The Portable Sixties Reader(2003)Description / Buy at Amazon
Rotten English: A Literary Anthology(2007)Description / Buy at Amazon
The Civil Rights Reader(2009)Description / Buy at Amazon
Fathers: A Literary Anthology(2011)Description / Buy at Amazon

James Baldwin was an American author well known for his novels, essays and poems. Baldwin wrote about everything from race to sex and class distinctions. The author’s works were well known for tackling complicated personal and social subjects in fictionalized settings.


James Baldwin was born in Harlem in New York. Born in 1924, James was one of the first few African Americans that took a long and unflinching look at the issues of race and sex in the United States.

James’ mother, Emma Jones, left him in the dark about his biological father, refusing to even tell James his name. She raised him alone for a while before meeting and marrying David Baldwin, a Baptist Minister that James would come to call his father even in light of their strained relationship.

James Baldwin loved reading as a child. A student of DeWitt Clinton High School in the Bronx, James took great pleasure in contributing to the institution’s magazine. It didn’t take long for James’ peers to recognize his talents, what with all the poems, short stories and plays he kept churning out as a young student.

It wasn’t merely his writing abilities that drew interest, though. James Baldwin showed that he could understand and manipulate sophisticated tools and devices of literature at a point in his life where most other authors would have been struggling to master punctuations.

James was intent on furthering his education through college. However, following his departure from high school in 1942, it became evident that the author’s family needed his help to stay afloat.

With seven siblings to worry about, James did whatever work came his way and it didn’t take him long to encounter worrying levels of discrimination. After losing his job and failing to find another, and losing his father, it became evident that James would have to change direction if he wanted to succeed.

Moving to Greenwich Village in New York City made sense to the author because the neighborhood had become a hub for artists. James wanted to write a novel. But he needed a way of supporting himself financially while he got his writing done.

After struggling through a couple of odd jobs, James was finally fortunate enough to get a couple of his essays and short stories published. James’ fortunes also included meeting a writer by the names of Richard Wright who got him a fellowship in 1945 through which James was able to support himself.

Even though he had begun making headway as a writer by this point in time, it wasn’t until James Baldwin moved to Paris that he garnered the freedom necessary to tackle the personal and social topics that he cared about.

The author’s first novel, ‘Go Tell it on the Mountain’, delved into his personal life and struggles with his father and the religion he inherited. This paved the way for James to tackle homosexuality in another novel.

Though it wasn’t until the author began talking about race that his star began to shine. Through books like ‘Nobody Knows My Name’ and ‘Notes of a Native’s Son’, Baldwin explored the deplorable aspects of African American life in the United States.

James’ books added a voice to the Civil Rights Movement of his time and forced readers to explore the black experience as it was understood in that era. Where other black authors were content to moan about the horrors of life in the 20th century, James Baldwin went so far as to write essays aimed at the white community, designed to show them what it meant to be black.

James wasn’t bleak or fatalistic. His works challenged white readers to try looking at life through the eyes of their African American neighbors. He was always clear about his hopes and dreams for a brighter future. He endeavored to encourage the men and women who poured over his essays to work towards bringing the racial nightmare in the West to an end.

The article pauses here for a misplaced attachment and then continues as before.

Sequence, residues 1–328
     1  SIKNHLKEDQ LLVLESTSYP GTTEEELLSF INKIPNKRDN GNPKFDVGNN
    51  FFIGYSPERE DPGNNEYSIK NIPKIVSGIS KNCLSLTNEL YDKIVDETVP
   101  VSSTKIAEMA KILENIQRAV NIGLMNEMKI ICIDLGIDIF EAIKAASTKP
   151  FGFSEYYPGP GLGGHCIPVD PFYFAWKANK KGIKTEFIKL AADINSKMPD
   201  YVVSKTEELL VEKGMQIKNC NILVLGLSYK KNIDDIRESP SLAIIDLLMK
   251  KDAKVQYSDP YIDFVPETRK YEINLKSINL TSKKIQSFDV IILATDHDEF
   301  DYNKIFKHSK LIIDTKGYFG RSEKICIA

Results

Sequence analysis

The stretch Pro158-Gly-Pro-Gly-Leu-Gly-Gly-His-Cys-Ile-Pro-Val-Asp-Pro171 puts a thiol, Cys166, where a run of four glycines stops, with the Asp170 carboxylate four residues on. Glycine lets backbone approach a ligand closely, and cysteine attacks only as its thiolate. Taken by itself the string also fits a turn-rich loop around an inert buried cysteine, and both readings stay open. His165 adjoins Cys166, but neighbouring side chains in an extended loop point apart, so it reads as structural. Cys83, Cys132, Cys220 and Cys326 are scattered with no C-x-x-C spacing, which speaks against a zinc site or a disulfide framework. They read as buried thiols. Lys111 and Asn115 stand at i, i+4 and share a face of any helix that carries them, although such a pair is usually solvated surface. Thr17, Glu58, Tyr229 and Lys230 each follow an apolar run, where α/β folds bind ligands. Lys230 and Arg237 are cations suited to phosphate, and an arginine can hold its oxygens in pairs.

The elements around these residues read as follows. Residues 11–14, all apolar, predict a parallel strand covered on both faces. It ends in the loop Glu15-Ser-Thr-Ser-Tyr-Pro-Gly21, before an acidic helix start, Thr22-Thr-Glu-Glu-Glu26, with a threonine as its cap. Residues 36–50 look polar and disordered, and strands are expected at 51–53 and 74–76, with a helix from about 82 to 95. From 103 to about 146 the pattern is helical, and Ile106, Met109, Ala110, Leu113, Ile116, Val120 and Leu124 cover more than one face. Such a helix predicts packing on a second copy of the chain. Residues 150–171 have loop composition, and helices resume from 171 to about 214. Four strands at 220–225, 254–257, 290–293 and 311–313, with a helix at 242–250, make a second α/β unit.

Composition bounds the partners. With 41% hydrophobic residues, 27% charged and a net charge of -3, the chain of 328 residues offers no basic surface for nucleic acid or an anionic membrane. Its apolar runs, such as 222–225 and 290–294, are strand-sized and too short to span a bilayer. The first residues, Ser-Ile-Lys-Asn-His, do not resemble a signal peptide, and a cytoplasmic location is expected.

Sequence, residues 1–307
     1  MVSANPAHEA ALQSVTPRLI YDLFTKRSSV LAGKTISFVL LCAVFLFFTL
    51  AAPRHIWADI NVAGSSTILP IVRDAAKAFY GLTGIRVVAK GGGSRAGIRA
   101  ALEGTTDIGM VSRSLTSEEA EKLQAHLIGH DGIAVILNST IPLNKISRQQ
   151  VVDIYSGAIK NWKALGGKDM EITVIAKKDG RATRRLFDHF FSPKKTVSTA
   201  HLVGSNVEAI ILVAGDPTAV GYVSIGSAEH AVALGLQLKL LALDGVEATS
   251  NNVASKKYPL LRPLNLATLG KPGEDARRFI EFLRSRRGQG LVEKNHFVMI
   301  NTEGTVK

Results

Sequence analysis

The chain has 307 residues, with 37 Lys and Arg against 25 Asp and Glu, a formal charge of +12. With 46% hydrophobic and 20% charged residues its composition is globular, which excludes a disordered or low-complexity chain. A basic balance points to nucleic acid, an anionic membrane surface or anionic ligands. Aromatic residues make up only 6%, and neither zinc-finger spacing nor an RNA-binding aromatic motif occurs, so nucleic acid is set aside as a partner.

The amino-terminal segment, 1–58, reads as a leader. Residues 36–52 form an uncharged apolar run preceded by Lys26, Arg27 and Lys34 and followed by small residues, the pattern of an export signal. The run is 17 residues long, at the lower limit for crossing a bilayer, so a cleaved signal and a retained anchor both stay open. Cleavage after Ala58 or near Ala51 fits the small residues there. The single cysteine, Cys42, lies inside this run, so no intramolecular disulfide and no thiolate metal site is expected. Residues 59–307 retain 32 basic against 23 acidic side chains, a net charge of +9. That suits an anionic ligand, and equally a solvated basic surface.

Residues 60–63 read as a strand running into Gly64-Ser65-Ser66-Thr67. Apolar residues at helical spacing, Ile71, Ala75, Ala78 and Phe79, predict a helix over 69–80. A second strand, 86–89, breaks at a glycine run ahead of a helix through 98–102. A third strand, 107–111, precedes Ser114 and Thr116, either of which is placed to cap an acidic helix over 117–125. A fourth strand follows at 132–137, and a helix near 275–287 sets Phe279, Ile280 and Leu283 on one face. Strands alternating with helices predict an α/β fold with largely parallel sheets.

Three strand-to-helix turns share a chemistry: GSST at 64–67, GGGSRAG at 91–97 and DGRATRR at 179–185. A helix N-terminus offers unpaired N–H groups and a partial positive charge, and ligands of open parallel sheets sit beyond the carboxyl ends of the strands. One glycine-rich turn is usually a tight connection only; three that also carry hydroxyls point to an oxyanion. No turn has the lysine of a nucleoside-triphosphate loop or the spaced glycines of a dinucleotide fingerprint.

People who followed James Baldwin during his final years will tell you that his optimism did not last. By the 1970s, it was clear that the author was losing faith, primarily because of all the violence he witnessed, this including the assassinations of notable African American figures like Martin Luther King Junior and Malcolm X.

The strident tone in his later works was difficult to ignore. By the late 1980s, the author’s fame had waned and his presence was only felt in the occasional observations he made about America in popular publications.

James Baldwin died in 1987. He was 61 at the time, living in France.


James Baldwin wrote a memoir featuring his recollections of the Civil rights Movement and its leaders. Titled ‘Remember this House’, James never finished the manuscript, though it was used in the creation of ‘I am Not Your Negro’, a documentary film released by Raoul Peck in 2016.

‘Go Tell it on the Mountain’ was turned into a movie in 1985.

+Go Tell It On the Mountain

This novel tells the story of a teenage boy who struggles to understand his place in the world in light of his status as the stepson of a Pentecostal Church Minister. The boy struggles with matters of a spiritual, moral and sexual nature.

This was James Baldwin’s first notable literary effort. He admitted that the book was autobiographical delving into his own experiences as a young boy trying to re-invent himself in a difficult world.

The novel takes a hard look at an African American family and the manner in which it is impacted positively and negatively by religion.

+The Fire Next Time

This book was a bestseller when it hit the shelves back in the early 1960s. Rather short, the book constitutes two letters that speak to the black and the white community in America, urging them to overcome the legacy of racism.

This book is pretty harsh in the way it rebukes the American people, daring them to take a hard look at the consequences of emancipation and the manner in which the people of his country have squandered the freedoms they have been granted.

James Baldwin attacks the way Christianity was used to entrench racism; it is easy to see why some people might call this an angry book.

Book Series In Order » Authors » James Baldwin